This article is brought to you by Boston Beer, a NACS supplier member.
ALEXANDRIA, Va.—Hard seltzers and flavored malt beverages are enjoying a sales boon, especially among millennial and Gen Z shoppers. NACS Magazine recently talked with Todd Bollig, senior director category management and shopper insights, Boston Beer Co., who advises convenience store category managers to provide enough cooler space to capture future growth and profit opportunities.
Q: What does today’s typical alcohol beverage consumer look like?
A: Today is probably the hardest time ever for a retailer to allocate space and have the proper assortment for their stores, as there is not a typical beer shopper/consumer anymore. At any given time, a retailer can be trying to service four generations of shoppers (baby boomers, Gen X, millennials and Gen Z), and each will shop the beer cooler differently. Combine this generational divide with an explosion in multicultural shoppers, and you can understand the complexity in trying to attract today’s consumers. As an example, baby boomers shop traditional beer first 80% of the time, while the ever-important Gen Z shoppers look at it differently and may only purchase traditional beer first 58% of the time.
There is a big opportunity for the convenience store channel to attract these Gen Z and millennial beer shoppers. About a decade ago convenience store operators began to expand their import beer offerings by carrying the lead import packages from Corona, Modelo and Heineken. The same opportunity exists today in “beyond beer.” By carrying the lead packages of Truly, White Claw, Mike’s Hard Lemonade and Twisted Tea, the c-store operator can attract valuable Gen Z and millennial shoppers.
Q: How do retailers know how much cooler space to dedicate to seltzers and other beyond beer products?
A: Since these products are growing rapidly, it is important that retailers focus on providing enough space for future growth, not focus solely on historical sales. Through May 23, IRI c-store data shows hard seltzers being 8.6% of beer dollars and growing 44% in the latest 13 weeks. Beer category sales are up 1.5% year to date (YTD). Based on this, we believe c-stores need to dedicate 10-12% of their cooler space to hard seltzers to capture future growth and profit opportunities.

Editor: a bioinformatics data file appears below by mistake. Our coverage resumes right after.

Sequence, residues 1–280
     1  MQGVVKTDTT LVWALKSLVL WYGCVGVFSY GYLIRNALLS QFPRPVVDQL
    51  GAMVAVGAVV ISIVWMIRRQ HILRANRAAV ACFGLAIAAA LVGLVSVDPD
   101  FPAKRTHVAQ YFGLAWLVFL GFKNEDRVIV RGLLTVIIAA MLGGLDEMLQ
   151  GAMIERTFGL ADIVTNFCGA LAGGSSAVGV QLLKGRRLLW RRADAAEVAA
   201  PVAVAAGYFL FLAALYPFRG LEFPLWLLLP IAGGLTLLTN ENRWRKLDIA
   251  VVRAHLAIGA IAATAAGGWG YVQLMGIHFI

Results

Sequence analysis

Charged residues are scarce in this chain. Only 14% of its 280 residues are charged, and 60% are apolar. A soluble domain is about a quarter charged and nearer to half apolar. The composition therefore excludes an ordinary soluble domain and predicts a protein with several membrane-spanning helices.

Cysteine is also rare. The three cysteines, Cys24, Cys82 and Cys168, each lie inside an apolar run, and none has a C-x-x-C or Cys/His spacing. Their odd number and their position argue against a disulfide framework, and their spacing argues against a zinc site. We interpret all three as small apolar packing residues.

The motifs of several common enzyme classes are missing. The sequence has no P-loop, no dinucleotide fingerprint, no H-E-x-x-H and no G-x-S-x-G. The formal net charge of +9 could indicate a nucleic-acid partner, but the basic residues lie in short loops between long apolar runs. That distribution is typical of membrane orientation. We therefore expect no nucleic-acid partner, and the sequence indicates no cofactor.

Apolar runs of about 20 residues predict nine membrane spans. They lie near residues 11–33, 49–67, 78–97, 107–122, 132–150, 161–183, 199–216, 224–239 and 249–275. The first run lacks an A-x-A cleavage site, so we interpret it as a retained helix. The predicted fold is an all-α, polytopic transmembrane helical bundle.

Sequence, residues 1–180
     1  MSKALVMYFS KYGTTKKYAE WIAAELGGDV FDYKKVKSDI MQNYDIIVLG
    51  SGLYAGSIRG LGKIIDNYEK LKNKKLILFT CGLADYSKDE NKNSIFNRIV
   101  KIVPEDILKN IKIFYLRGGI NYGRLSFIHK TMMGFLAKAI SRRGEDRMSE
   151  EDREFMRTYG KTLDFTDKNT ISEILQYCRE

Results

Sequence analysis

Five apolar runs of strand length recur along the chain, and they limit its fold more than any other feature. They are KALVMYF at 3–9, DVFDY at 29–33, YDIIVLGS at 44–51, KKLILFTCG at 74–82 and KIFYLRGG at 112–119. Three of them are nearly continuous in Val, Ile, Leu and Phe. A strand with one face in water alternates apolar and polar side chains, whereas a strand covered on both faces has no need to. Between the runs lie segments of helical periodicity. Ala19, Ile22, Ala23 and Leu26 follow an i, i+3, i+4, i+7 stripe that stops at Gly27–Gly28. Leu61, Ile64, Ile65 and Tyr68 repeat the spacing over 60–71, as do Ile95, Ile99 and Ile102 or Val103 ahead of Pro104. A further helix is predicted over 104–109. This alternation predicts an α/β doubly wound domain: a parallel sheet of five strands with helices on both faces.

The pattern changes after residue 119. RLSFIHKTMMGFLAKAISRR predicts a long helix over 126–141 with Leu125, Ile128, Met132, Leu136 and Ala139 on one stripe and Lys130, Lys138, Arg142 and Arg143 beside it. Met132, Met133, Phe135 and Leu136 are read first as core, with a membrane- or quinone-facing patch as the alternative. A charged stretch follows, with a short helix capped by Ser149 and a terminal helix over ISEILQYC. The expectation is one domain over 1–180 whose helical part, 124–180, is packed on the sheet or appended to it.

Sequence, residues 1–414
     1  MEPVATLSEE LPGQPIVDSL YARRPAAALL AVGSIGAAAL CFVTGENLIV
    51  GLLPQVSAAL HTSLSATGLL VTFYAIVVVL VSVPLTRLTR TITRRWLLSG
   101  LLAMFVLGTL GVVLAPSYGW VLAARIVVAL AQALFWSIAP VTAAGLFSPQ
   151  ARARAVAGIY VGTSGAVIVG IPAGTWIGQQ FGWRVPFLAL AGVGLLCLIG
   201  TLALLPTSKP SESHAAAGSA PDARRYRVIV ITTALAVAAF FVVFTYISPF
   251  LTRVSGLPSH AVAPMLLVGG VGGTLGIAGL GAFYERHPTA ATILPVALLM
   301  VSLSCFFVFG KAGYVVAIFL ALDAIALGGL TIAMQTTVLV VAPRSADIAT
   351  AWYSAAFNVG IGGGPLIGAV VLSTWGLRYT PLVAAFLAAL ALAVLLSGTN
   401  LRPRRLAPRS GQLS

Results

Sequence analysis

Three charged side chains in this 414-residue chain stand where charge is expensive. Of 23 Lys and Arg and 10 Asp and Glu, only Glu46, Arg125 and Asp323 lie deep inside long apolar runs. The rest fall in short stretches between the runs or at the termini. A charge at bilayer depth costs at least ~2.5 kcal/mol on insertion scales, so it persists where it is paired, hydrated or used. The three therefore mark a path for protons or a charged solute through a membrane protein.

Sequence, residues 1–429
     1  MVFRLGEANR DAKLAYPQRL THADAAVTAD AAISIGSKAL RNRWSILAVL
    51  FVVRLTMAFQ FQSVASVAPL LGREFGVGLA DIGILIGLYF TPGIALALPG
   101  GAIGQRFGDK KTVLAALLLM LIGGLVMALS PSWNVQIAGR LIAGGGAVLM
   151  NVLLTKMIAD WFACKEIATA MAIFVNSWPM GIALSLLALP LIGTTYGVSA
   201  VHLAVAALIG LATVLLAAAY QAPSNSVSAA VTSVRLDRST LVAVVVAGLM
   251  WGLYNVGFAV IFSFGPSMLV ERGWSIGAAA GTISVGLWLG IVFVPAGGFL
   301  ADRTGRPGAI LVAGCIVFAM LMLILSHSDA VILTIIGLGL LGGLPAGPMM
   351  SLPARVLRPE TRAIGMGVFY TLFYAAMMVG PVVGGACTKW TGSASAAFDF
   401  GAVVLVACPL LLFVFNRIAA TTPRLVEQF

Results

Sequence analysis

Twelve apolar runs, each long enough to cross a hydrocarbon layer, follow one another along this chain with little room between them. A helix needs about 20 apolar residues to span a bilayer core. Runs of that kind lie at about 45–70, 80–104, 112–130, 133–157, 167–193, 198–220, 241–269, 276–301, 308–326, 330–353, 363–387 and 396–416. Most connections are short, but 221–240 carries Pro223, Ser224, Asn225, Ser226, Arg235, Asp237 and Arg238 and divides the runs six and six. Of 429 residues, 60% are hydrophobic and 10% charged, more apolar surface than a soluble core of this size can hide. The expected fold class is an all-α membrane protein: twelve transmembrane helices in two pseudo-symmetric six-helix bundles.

Our recommended approach is to expand segment space to meet future demand and reduce space on underperforming segments and SKUs. Right now, we are seeing shoppers trade up from sub-premiums and premiums into higher-end segments, including import and beyond beer.
Q: And then there’s determining the right assortment….
A: Yes, that’s right. We recommend a four-step approach:
- Ensure adequate days of supply on the core 80% of anchor brands and items. In the case of c-stores, Truly and White Claw represent 75% of the dollars and are growing 125% and 30% YTD, respectively. To ensure lead brand availability, these two brands should have at least 75% of the dedicated seltzer space.
- As space allows, add in your next best performing items.
- Cut underperforming items to make room for innovation and continue segment growth.
- Add new items and brand innovations as space allows. The retailers who have taken this approach have driven hard seltzer to be over 15% of their dollars.
Q: Once the assortment and spacing is on target, how can retailers best market beyond beer products to their customers?
A: Part of it is making sure the shopper knows that you have the items they are looking for. As an example, 42% of Gen Z beer shoppers of legal drinking age consider beyond beer items first when making their purchases1. It is important to reach this shopper digitally in retail promotions. Prominently display leading, growing brands so customers know they are available.
Additionally, beyond beer segments are more unplanned and impulse decisions compared to traditional beer segments with shoppers being more engaged in store2. Ensuring beyond beer segments are properly blocked and early in flow on shelf, as well as strategically placed displays, will drive higher visibility to capture incremental purchases.
Q: Clearly these products are here to stay, so how should retailers plan for future growth in this category?
A: We see a lot of similarity between the energy drink segment and the hard seltzer segment. Eight out of 10 energy drink shoppers buy Monster and/or Red Bull and 8 out of 10 hard seltzer shoppers buy Truly and/or White Claw. C-stores have done a great job in grabbing the Red Bull and Monster energy drink shopper by focusing on those brands with the proper space allocation, product assortment and promotional activity. The seltzer segment is led by Truly and White Claw, while the FMB segment is led by Mike’s Hard Lemonade and Twisted Tea. Making sure the brands that are driving volume have the proper space allocation, product assortment and promotional activity will help your segment grow. Place your bets on the proven winners.
1: Consumer Decision Tree research, Vista Grande (March 2020)
2: Category Shopper Fundamentals, NielsenIQ (January 2021)
This Boston Beer Q&A, “Beyond Beer,” is featured in the July 2021 issue of NACS Magazine.